How to Grow Asparagus - Backyard Boss
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How to Grow Asparagus

Ask any gardener and they will tell you that growing your own vegetable garden is a rewarding experience! You not only get to see the results of your labor, but you also get to eat them! Asparagus is a tasty vegetable to add to your garden, since it grows back year upon year – for about 15 years or more!

However, growing asparagus is a test of patience and care. Asparagus needs time to develop its root system. To make sure that your plant is strong enough to survive for years to come, you should wait until it is three years old to harvest any spears.

Ready to get gardening? Here is everything you need to know about growing asparagus!

Materials Required

Freshly cut green asparagus in the garden.
Image credit: iMarzi via Shutterstock

Before you start you’ll need some tools from your supply box:

  • Garden bed or boxes
  • Asparagus roots or seeds
  • Compost
  • Fertilizer
  • Gardening Soil
  • Garden trowel
  • Gardening shears

Get Your Asparagus Roots or Seeds

Asparagus racemosus or Shatavari botanical herb in India. Hand holding of roots of Asparagus racemosus. Tonic herb for women Helps balance the female hormonal system.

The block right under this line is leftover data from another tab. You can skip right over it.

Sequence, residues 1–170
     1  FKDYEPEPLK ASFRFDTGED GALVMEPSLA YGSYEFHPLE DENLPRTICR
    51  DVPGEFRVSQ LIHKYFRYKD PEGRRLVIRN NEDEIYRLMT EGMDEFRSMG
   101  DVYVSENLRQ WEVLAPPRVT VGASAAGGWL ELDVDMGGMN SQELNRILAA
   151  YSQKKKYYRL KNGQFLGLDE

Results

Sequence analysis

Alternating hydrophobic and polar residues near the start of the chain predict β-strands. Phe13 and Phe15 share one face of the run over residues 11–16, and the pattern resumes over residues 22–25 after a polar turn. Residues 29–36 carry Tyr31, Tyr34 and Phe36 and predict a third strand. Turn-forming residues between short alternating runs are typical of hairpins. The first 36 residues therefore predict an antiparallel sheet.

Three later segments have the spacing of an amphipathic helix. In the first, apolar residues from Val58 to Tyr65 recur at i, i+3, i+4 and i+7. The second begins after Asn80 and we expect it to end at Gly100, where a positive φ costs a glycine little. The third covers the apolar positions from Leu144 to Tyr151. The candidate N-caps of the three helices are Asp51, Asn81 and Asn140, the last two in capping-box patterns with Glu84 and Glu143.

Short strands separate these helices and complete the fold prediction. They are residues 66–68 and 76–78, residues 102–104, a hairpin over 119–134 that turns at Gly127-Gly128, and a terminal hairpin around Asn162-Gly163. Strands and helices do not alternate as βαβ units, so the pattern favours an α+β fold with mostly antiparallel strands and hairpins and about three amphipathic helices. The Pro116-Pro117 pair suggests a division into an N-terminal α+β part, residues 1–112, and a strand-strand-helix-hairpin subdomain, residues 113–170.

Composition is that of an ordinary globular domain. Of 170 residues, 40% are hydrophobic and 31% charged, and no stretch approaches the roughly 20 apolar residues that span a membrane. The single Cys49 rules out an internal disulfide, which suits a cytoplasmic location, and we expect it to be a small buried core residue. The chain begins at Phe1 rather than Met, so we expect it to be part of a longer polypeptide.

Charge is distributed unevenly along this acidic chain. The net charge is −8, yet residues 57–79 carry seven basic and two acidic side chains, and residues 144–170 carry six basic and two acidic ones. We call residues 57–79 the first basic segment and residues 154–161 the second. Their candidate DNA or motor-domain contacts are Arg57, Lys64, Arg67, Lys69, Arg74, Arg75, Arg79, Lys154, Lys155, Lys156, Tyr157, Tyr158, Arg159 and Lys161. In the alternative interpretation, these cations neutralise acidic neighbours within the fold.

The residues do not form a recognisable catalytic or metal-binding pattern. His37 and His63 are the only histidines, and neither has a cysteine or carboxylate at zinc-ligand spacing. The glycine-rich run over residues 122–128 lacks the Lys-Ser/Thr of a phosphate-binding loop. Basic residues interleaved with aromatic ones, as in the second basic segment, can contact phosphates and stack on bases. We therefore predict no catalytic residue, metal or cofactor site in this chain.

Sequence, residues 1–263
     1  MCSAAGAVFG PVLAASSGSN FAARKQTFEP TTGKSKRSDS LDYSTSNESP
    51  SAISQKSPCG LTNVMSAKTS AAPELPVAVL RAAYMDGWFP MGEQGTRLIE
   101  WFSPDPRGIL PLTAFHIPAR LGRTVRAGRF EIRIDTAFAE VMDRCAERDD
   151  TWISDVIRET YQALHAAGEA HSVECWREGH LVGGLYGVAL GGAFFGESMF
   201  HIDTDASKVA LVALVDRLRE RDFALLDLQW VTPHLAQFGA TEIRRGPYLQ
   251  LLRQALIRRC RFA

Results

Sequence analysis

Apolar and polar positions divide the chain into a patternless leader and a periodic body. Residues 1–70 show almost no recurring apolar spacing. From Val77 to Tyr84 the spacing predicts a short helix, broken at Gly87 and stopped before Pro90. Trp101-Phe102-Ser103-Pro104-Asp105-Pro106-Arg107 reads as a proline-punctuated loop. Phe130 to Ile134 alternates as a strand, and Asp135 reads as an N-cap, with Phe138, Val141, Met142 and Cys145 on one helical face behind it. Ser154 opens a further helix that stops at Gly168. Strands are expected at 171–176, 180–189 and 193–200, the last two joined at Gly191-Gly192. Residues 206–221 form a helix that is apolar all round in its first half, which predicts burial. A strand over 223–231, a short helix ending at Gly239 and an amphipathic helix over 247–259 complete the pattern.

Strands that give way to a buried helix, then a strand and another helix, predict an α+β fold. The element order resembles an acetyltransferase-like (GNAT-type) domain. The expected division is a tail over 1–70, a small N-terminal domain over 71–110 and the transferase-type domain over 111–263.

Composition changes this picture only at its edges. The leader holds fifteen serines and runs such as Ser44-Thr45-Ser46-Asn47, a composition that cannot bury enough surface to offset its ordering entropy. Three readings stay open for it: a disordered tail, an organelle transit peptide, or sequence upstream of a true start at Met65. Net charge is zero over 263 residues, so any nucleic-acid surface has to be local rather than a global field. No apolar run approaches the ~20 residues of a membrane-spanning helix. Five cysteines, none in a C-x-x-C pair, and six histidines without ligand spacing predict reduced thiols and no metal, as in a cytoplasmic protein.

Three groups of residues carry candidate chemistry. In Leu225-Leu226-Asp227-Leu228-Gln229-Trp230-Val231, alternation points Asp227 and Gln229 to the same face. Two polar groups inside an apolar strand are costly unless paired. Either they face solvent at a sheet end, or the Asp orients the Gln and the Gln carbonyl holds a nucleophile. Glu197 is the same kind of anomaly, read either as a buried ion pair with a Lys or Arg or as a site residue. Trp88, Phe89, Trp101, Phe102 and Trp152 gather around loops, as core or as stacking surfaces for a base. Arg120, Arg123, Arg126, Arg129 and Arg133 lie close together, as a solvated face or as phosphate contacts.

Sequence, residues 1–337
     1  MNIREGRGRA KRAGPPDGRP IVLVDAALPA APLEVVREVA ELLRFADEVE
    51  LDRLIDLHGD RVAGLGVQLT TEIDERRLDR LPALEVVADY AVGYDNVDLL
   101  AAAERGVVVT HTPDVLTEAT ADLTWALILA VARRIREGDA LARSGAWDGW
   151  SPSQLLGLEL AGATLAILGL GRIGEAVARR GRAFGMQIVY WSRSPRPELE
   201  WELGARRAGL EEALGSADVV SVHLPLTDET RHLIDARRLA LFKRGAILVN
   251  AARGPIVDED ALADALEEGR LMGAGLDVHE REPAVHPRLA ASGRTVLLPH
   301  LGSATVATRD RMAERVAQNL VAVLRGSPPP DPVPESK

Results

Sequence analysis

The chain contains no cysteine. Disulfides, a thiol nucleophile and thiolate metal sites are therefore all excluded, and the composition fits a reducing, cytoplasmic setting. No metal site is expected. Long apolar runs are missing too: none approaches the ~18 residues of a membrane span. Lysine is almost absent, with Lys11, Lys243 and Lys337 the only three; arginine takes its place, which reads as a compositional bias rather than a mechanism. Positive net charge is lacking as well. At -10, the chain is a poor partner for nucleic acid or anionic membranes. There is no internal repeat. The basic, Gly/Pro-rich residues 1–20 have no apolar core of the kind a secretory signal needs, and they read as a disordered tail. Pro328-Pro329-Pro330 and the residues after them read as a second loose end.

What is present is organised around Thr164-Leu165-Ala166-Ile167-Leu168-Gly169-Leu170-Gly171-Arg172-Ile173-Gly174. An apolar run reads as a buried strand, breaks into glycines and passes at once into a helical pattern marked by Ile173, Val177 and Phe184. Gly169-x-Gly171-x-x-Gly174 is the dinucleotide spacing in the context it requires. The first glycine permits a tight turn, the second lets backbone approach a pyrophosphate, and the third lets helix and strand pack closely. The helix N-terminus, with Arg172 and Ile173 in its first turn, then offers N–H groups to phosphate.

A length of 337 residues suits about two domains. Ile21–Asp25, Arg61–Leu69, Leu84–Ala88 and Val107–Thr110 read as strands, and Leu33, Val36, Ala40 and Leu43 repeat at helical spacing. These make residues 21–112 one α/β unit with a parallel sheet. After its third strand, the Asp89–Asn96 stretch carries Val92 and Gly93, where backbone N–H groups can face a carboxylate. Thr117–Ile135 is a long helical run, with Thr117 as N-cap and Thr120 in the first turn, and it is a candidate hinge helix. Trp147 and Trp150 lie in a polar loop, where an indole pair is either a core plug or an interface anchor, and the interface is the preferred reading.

Image credit: Azay photography via Shutterstock

To grow asparagus, first, decide if you want to plant seeds or roots. Asparagus is primarily sold as a bare root (a dormant root from another plant) that is put directly into the ground. Choosing established asparagus roots allows you to plant immediately during the growing season.

If you decide to instead plant asparagus from seed, many gardeners choose to begin growing them indoors before the growing season begins (as early as February). You can also put your asparagus seeds right into your garden beds at the start of the season as long as the temperature of your soil is warm enough. Select which growing option works best for you, and get ready to start planting.

Allocate a Space and Prepare It

Blue shovel digging in the dirt of a garden
Image credits: Markus Spiske via Unsplash

Time to find a spot for your asparagus to grow! As you decide on a location to grow your asparagus, you want to select a spot that receives plenty of sun ( at least eight hours). The location should also be one that you are happy to sacrifice for a few years until your asparagus plant is fully producing.

Once you select your spot, fill it with a healthy mixture of compost, gardening soil, and fertilizer. Asparagus prefers sandy/loamy soils because it allows plenty of drainage. Also be sure to choose an all-purpose or balanced fertilizer with phosphorous, nitrogen, and potassium to boost your plant’s growth.

Having nutrient-rich soil right at the start will give your new plant a boost in its growth, and encourage it to thrive through future growing seasons!

Plant Your Asparagus

Organic farming asparagus in black soil
Image credit: KarepaStock via Shutterstock

When planting your asparagus roots, do so by digging a trench. Make your trenches 6 inches deep so your asparagus roots have enough space to grow downwards (but not so deep they’ll struggle). If you are planting multiple asparagus plants, give 6 inches between each plant and about 18 inches between each row. Cover the roots with soil and finish off with a good watering!